Communicative efficiency in language production and learning:Optional plural markingChigusa [email protected] of Brain and Cognitive Sciences, Meliora HallUniversity of RochesterAbstractRecent work suggests that language production exhibits a biastowards efficient information transmission. Speakers tend toprovide more linguistic signal for meaning elements that aredifficult to recover while reducing contextually inferable (morefrequent, probable, expected) elements. This trade-off hasbeen hypothesized to shape grammatical systems over generations, contributing to cross-linguistic patterns. We put thisidea to an empirical test using miniature artificial languagelearning over variable input. Two experiments were conductedto demonstrate that the inferability of plurality informationinversely predicts the likelihood of overt plural marking, aswould be expected if learners prefer communicatively efficientsystems. The results were obtained even with input frequencycounts of the plural marker counteract the bias, and thus provide strong support for critical role of inferability of meaningin language learning, production, as well as in typologicallyattested variations.Keywords: language production, artificial language learning, optional morphology, plural marking, communicative efficiencyIntroductionProducing language is a balancing act. On the one hand,the speaker is biased towards minimizing effort by choosing a shorter form and linguistic elements that are readily retrieved and formulated (e.g., Ferreira & Dell, 2000; MacDonald, 2013). On the other hand, the speaker’s choices are, atleast to some extent, optimized under considerations of communicative success. The speaker is more likely to encodea linguistic message that is otherwise less predictable or recoverable (e.g., Aylett & Turk, 2004; Levy & Jaeger, 2007;Buz, Tanenhaus, & Jaeger, 2016). For instance, in English,native speakers are more likely to produce the optional complementizer “that” after verbs that are less likely followed bya complement clause (e.g., I read (that) the president was arrested.) compared to those that are biased towards a complement clause continuation (e.g., I thought (that) the presidentwas arrested) (Jaeger, 2010).It has been argued that such speakers’ preferences reflectsa principle of the computational system underlying languageproduction. That is, linguistic communication necessarily involves transmission of information through a noisy channeland the information is often degraded due to factors suchas production/comprehension mistakes, ambient noise, andnoise in the perceptual and neural mechanisms involved inlanguage processing. The comprehender, therefore, has toinfer a message sent by the speaker rather than simply recognizing and decoding the input (e.g., ? (?), see also Piantadosi,Tily, and Gibson (2011)). A trade-off between the amount ofScott [email protected] of Linguistics, Lattimore HallUniversity of Rochesterinformation and the amount of linguistic signal expended isexpected when the speaker encodes a message in a way sothat the listener has a higher chance of inferring it given thelinguistic input and contextually shared knowledge. Put simply, the speaker should preferentially encode components ofmeanings that are otherwise less likely to be inferred by thelistener given prior expectations.An appealing property of this account is that it providesa potential explanation for typological patterns (although thelink is tentative so far) beyond individual instances of sentence production. It has long been observed that the lexicon and grammar of languages across the world tend to exhibit many properties that would be expected if languagewas shaped by communicative pressures (e.g., Zipf (1949);Plotkin and Nowak (2000), also precisely those predictedby accounts of communicatively efficient language production Piantadosi et al. (2011); Jaeger (2013)). Recent workon learning biases during (miniature artificial) language acquisition has also found the same biases to be active during artificial language learning (e.g., Culbertson, Smolensky,& Legendre, 2012; Fedzechkina, Newport, & Jaeger, 2016).Fedzechkina et al. (2012) found that native speakers of American English, when learning a miniature language with anoptional case marking morphology, restructure the input andcondition the uses of the marker on factors such as Animacy.This is in line with patterns observed in existing optional (ormore categorical) case-marking language, suggesting a tightlink between observations in lab-based studies and typological pattern found in real languages e.g., (Aissen, 2003; Kurumada & Jaeger, 2015).We provide a novel investigation of the possible roleof communicative efficiency in grammatical number marking, in particular the acquisition of Optional Plural Marking (OPM). OPM is not uncommon cross-linguistically (e.g.,Yucatec Maya (Butler, Bohnemeyer, & Jaeger, 2017)) andhas been investigated linguistic work on grammatical systems(see Corbett (2000) and Haspelmath (2013) for general discussion). Yet, the mechanisms that predict when speakerswould use (or would not use) the marker are not well understood.Two classes of accounts have been put forward. One relies on form-based frequency of the input. That is, learnersare more likely to hear the optional marker with a particular class of nouns and reproduce the distributional patternsin the their production (e.g., Tiersma, 1982; Haspelmath &Karjus, 2017). This is largely consistent with a general view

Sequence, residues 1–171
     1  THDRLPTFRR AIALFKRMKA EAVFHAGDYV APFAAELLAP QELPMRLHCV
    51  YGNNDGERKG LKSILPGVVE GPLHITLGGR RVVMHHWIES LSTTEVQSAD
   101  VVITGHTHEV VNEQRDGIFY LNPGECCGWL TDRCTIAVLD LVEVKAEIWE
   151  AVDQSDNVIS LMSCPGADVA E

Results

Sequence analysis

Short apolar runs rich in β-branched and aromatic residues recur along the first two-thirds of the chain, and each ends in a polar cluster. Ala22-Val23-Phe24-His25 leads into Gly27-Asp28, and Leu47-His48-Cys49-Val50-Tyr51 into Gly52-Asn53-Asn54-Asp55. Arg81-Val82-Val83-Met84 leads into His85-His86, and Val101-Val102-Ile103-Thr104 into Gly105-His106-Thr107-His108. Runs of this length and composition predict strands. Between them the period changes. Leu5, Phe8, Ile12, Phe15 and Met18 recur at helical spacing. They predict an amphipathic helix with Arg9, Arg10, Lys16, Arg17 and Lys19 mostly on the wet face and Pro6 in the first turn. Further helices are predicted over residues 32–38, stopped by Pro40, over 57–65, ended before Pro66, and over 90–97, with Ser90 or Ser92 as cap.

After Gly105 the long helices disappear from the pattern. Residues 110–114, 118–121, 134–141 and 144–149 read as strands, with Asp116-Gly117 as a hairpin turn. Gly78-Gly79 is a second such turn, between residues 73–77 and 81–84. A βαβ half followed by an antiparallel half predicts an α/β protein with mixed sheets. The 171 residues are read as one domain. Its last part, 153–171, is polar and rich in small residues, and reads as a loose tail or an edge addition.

in language acquisition research: higher input frequency inthe input often predicts earlier acquisition and higher usagefrequency of the element.A second set of accounts, relying on conceptual “markedness”, make a distinct prediction. These accounts posit thatsingular (plural) values are conceptually consonant with someentity types more than others. For instance, entities that aretypically conceptualized as individuals (e.g., large animals)tend to be referenced in language as singletons, rather thanmultiples. For these entities, their occurrence in multiples islimited, thus resulting in lower plural inferability, and therefore, plural coding is the unexpected or “marked” value. Conversely, entities that are often conceptualized as collectives(e.g., small insects) have high plural inferability.We argue that the account based on conceptual markedness, or meaning-based predictability, accords with the communicative efficiency hypothesis. Put simply, learning andproduction of OPM is guided by a consideration to communicate the plural meaning most efficiently. That is, learnersshould prefer systems in which markedness of plural meaningis inversely correlated with the production of plural marking.Accounts based in communicative efficiency thus predict that,when learners of an OPM language refer to multiples of individualized items (e.g., large animals), they should be morelikely to produce plural marking, compared to when referringto multiples of collective items (e.g., small insects).Preliminary support for the conceptual markedness account comes from repeated observations across a number ofstudies on typologically-diverse languages which possess asingulative/collective morphology (e.g., Arensen (1998) onMurle, Grimm (2012) on Dagaare, Mifsud (1996) on Maltese, Stolz (2001) on Welsh). In these languages, referentsthat are likely to be conceptualized and manipulated as collectives (e.g., fruits, grains, vegetables) or a group/mass ofindividuals tend to be expressed with lexical items that havea plural meaning by default (e.g., psy “peas” in Welsh) andonly through an additional singulative suffix can singletonsbe designated (e.g., psy-en “pea”).While effects of markedness on number-marking morphology have been hypothesized and widely discussed in linguistics, it is particularly difficult to differentiate predictability of forms and predictability (markedness/inferability) ofmeanings in a corpus based method. Haspelmath and Karjus (2017), for instance, collected token counts of singularvs. plural forms of a word (e.g., psy-en and psy) to argue thatfrequency asymmetries can predict the asymmetrical pluralmarking system such that the more frequent meaning (singular/plural) is often encoded in a simpler form. However, as inmost of existing corpus-based approaches, one cannot easilydissociate the frequency of forms and the frequency of meanings. In other words, there is no simple way of measuring theinferability of meanings apart from the frequency of forms.Here we aim to tease apart these two possible accounts using a miniature language learning paradigm. We present twoproduction experiments on optional number-marking. Learn-Figure 1: Sample images of visual stimuli in Experiments 1and 2.ers acquire 12 novel nouns and one novel verb to producesimple intransitive sentences with the Subject-Verb word order. As we describe below, the novel lexicon consists of twoclasses of referents: six Individuals and six Collectives thatdepict fictitious animals and insects, respectively. In the input, they were visually presented as either singletons or multiples at varying rates: Individuals are more likely to be singletons whereas Collectives are more likely to be multiples. Referents are optionally (stochastically) plural-marked and theprobability of occurrence of the marker was constant acrossIndividuals and Collectives. Notice that, given the fact thatCollectives are more likely to appear as multiples, a largerproportion of token counts of Collectives appeared with theplural marker than Individuals.Frequency-based accounts therefore predict that learnersof this miniature language should be more likely to use theplural marker with the Collectives rather than Individuals.On the other hand, conceptual-markedness based accountswould predict the opposite. Individuals are less likely to appear as multiples, which makes the plural meaning less inferable without the overt marking. Therefore, language shouldbe more likely to use the plural marker with the Individualsrather than Collectives.Experiment 1 in the current study directly pits the frequency vs. communicative-efficiency accounts against eachother. Animals (visually and conceptually more individuated)are more likely to be presented as a singular referent. In contrast, insects (visually and conceptually more collective) aremore likely to be presented as multiples. We test whether theinferability of plurality information affects the likelihood ofovert marking (producing a plural marker), as would be expected if learners prefer communicatively efficient systems.Experiment 2 investigates if the inferability of plural meaningis learned through exposure within the current experiment or